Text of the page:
Letter from the Editors
This year, we started off this volume with a deep commitment to honoring the last twenty-nine volumes of the Georgetown Journal on Poverty Law and Policy. We came to this year both reflecting on the foundation of our journal and charting the path forward, with the rapid of change the past couple of years at the forefront of our minds. Where do we go from here? We strived to find scholarship that cen-tered practioners and the voices of people most affected by poverty in this country that could answer this persistent question. We are very proud of our staff for taking their roles so seriously when soliciting, reviewing, and editing this scholarship. And we are thankful to our Board of Advisors for helping us grow our community of authors and scholars who are deeply committed to this work.
This issue we highlight some grounding-breaking and unique scholarship we are so proud of. This issue has eight pieces, a reflection of the excitement our authors have to discuss pressing issues in their home communities and propose practical solutions. Our first Article, written by advocate Jon DeCarmine and Professor Joseph S. Jackson, describes their efforts in Gainesville, Florida to suc-cessfully utilize a housing engagement approach to a homeless encampment. Our second Article, by Rebecca Horwitz-Willis and Leanna Katz, analyzes access to childcare in the wake of the COVID-19 pandemic for women of color in Chelsea, Massachusetts, a low-income, largely immigrant population in Boston’s metropoli-tan area. Our third Article, written by Professor Pamela A. Izvănariu, uses ground-breaking archival research to discuss the work of John P. Davis and his fight for Black labor and substantive equality in the Jim Crow era.
Our last two Articles both focus on the court system in this country and the impact of virtual hearings on Access to Justice. The first Article, written by Professor Katherine Norton, discusses the impact of virtual hearings and the new technology for low-income litigants in the civil system. The second Article, written by Professors Lauren Sudeall, Elora Raymond, and Phil Garboden, compiles their interviews and research on the perspective of judges and advocates when imple-menting federal eviction protections in the court system. Both of these Articles dis-cuss a pressing issue: how do we ensure that low-income people have access to courts as the courts evolve in the wake of COVID-19?
The last three pieces are our student-written Notes. We open this section with a Note written by Steven Jessen-Howard, focused on child poverty and proposing a practical Universal Child Benefit. Then we have a piece written by our Editor-in- Chief, Samantha M. Rudelich, discussing the impact of the Detroit Land Bank Authority on racial and class equity in Detroit. We close with a piece written by Madeline Terlap, one of our Articles Editors, proposing legal and policy solutions for working, low-income women.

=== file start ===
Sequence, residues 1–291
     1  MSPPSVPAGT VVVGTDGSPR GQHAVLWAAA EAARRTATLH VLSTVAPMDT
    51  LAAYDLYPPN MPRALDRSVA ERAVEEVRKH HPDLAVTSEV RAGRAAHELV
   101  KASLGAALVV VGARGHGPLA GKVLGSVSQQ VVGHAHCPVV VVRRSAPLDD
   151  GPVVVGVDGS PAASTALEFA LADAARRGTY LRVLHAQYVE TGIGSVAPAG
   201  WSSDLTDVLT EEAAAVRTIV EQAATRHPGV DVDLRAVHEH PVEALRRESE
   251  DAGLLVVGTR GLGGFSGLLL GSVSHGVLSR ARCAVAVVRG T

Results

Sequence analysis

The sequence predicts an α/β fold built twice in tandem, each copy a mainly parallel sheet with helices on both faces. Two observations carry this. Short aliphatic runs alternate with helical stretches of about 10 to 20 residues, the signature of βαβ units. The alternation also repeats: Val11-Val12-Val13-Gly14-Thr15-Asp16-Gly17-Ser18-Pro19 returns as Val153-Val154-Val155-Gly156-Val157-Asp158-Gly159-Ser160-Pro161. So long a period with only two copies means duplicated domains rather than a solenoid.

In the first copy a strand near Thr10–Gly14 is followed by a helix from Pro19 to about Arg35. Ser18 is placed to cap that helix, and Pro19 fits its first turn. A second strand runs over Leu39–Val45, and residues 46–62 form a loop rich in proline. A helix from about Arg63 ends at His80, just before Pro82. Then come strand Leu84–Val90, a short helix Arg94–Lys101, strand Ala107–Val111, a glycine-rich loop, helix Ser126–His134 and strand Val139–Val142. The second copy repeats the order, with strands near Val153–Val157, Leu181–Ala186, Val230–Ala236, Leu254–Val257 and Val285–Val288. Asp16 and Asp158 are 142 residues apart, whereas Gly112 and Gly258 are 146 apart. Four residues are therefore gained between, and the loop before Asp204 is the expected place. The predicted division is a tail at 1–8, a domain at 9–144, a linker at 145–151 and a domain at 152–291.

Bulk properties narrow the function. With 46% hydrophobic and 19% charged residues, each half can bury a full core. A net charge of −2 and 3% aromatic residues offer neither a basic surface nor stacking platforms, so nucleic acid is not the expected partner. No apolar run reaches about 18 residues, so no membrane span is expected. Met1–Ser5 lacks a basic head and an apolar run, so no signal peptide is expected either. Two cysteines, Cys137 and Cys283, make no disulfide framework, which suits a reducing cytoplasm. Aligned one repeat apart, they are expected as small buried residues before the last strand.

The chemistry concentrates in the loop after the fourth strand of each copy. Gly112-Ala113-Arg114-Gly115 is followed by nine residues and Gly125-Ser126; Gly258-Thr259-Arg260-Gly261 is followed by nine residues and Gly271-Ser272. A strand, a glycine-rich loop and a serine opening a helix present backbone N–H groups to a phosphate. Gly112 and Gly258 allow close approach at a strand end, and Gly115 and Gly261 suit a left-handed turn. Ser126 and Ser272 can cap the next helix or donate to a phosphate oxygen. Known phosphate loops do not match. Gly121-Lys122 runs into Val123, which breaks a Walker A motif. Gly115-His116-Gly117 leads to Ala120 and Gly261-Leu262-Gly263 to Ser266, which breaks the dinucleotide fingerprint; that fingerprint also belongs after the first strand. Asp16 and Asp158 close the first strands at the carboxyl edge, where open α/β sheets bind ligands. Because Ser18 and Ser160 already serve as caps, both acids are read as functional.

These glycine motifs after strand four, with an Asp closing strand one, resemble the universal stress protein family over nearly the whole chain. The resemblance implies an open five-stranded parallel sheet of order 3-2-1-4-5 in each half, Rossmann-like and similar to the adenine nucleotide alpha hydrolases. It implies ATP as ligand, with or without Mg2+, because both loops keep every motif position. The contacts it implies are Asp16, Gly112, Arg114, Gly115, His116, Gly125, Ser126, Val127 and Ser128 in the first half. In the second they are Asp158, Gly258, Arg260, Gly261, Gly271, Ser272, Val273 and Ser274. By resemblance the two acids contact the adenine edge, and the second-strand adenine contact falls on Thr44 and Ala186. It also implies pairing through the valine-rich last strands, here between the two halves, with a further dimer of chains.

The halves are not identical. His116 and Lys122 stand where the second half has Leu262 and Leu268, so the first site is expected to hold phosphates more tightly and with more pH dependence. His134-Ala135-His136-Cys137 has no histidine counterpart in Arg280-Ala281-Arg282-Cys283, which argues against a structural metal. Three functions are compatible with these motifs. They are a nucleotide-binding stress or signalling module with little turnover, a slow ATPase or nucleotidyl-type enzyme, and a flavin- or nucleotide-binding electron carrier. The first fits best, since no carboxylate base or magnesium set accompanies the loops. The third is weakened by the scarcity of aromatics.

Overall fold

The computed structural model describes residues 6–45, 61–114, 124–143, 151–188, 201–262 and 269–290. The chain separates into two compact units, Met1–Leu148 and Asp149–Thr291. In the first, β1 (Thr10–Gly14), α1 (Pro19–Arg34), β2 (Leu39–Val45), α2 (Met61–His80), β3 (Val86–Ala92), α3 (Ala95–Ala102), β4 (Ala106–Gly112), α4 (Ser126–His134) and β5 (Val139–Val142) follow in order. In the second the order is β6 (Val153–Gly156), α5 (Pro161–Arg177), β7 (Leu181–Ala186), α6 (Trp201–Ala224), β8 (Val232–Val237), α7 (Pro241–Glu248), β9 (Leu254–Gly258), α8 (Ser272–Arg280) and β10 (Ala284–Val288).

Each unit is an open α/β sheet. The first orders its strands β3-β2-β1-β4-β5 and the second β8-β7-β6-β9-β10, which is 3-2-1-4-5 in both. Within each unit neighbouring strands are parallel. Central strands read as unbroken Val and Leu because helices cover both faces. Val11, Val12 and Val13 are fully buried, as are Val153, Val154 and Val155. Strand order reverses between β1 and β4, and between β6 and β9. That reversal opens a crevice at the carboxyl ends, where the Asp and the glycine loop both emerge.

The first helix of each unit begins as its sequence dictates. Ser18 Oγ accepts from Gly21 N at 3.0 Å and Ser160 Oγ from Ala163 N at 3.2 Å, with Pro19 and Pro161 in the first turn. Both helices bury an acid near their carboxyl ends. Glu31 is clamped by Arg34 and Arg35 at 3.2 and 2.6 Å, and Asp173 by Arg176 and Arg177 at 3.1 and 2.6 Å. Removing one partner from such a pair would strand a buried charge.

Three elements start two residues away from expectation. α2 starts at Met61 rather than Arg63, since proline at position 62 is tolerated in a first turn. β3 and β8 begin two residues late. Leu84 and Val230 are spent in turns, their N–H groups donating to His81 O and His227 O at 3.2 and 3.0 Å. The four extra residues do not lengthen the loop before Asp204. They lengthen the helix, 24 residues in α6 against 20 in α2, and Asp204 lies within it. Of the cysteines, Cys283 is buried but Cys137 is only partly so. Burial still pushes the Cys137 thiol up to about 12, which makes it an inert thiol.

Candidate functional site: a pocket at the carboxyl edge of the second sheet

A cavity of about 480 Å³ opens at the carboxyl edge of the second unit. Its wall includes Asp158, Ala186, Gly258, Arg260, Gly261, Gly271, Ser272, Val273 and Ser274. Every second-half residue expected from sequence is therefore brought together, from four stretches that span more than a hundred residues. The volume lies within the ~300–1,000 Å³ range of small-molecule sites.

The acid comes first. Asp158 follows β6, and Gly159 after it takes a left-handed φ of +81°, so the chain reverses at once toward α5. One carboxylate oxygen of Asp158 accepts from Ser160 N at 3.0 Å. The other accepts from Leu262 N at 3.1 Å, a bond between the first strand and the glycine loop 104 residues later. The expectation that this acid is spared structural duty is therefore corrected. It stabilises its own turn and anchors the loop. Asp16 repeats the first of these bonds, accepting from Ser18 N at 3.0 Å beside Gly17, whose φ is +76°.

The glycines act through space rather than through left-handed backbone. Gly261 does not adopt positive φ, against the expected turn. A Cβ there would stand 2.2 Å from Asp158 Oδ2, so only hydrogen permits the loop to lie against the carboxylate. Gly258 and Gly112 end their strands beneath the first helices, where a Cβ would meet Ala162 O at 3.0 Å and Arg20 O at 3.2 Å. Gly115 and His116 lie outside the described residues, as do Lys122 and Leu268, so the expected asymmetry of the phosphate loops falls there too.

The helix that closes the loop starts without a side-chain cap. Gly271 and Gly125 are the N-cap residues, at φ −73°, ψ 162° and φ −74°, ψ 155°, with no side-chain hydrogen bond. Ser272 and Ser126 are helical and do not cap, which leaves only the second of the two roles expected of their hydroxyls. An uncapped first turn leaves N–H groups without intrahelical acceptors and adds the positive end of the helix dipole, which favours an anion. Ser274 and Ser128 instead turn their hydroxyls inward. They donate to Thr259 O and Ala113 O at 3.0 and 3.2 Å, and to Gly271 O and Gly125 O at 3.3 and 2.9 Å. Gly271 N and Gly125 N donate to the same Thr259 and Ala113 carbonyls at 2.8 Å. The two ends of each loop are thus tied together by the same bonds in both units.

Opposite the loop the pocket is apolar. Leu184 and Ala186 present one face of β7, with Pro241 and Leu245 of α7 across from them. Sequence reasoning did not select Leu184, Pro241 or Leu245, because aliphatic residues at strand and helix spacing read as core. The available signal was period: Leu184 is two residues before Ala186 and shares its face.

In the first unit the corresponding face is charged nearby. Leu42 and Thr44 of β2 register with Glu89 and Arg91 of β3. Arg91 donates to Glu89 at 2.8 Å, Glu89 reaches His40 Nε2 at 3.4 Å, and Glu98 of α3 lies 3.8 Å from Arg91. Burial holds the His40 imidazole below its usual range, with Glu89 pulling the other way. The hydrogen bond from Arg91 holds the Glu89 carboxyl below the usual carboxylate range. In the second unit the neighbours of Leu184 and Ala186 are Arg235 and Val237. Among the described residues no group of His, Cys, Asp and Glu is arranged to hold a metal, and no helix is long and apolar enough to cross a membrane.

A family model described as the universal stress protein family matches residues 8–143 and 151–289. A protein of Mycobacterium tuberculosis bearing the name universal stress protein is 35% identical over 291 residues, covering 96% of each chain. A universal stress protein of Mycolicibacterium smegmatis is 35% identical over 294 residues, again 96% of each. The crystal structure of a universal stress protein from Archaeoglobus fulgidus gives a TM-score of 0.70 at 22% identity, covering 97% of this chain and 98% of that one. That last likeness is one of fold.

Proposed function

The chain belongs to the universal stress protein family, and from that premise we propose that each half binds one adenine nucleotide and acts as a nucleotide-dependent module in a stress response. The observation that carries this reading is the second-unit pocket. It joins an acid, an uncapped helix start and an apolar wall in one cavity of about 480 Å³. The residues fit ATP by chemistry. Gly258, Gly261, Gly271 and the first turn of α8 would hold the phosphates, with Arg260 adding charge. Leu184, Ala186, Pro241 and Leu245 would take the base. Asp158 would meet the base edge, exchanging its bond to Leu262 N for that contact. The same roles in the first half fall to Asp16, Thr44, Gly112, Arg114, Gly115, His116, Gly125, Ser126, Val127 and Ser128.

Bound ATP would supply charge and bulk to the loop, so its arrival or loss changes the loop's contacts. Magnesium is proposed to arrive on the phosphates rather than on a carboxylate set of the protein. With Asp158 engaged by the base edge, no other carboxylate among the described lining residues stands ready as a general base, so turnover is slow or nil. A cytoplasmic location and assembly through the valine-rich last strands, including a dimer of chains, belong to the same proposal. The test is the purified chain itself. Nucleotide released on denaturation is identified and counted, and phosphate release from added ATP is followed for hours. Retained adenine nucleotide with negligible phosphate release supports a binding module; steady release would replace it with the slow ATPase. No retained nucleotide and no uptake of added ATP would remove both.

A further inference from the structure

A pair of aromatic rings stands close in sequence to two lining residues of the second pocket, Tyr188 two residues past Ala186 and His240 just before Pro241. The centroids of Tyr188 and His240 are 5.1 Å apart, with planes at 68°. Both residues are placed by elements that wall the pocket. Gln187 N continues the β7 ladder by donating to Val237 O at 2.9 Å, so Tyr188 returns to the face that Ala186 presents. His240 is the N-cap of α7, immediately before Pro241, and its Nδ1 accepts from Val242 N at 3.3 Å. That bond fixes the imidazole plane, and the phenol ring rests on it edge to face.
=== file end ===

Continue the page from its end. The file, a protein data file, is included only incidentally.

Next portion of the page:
As we close out Volume 30, we want to thank our incredible executive board and staff for their dedication to creating community, editing scholarship, and pub-lishing an incredible volume. This issue is larger than our typical four to six pieces, and we are so grateful to their hard work and reliability in finishing out this volume strong. We want to specifically thank our online team, led by Online Managing Editor Marianna Yearboro, for reinvigorating our online presence and putting out more than 30 pieces this year. We are deeply grateful to our Board of Advisors for their reliable support in soliciting scholarship, developing program-ming, and mentoring for our staff. We thank Professors Peter Edelman and Yael Cannon, for their consistent support as our faculty advisors. We want to thank our authors for their significant contributions to the field of poverty law and policy. Lastly, we want to offer our sincere gratitude to our readers, for their willingness to engage in this work with their hearts and minds. We wish the best to Volume 31, we know that they will continue to build on this vision, centered in hope and optimism. This is a labor of love and devotion to a kinder, better world. We close this volume as we started; the work continues.
Samantha M. Rudelich, Editor-in-Chief, Vol. 30 Megan C. Kilduff, Managing Editor, Vol. 30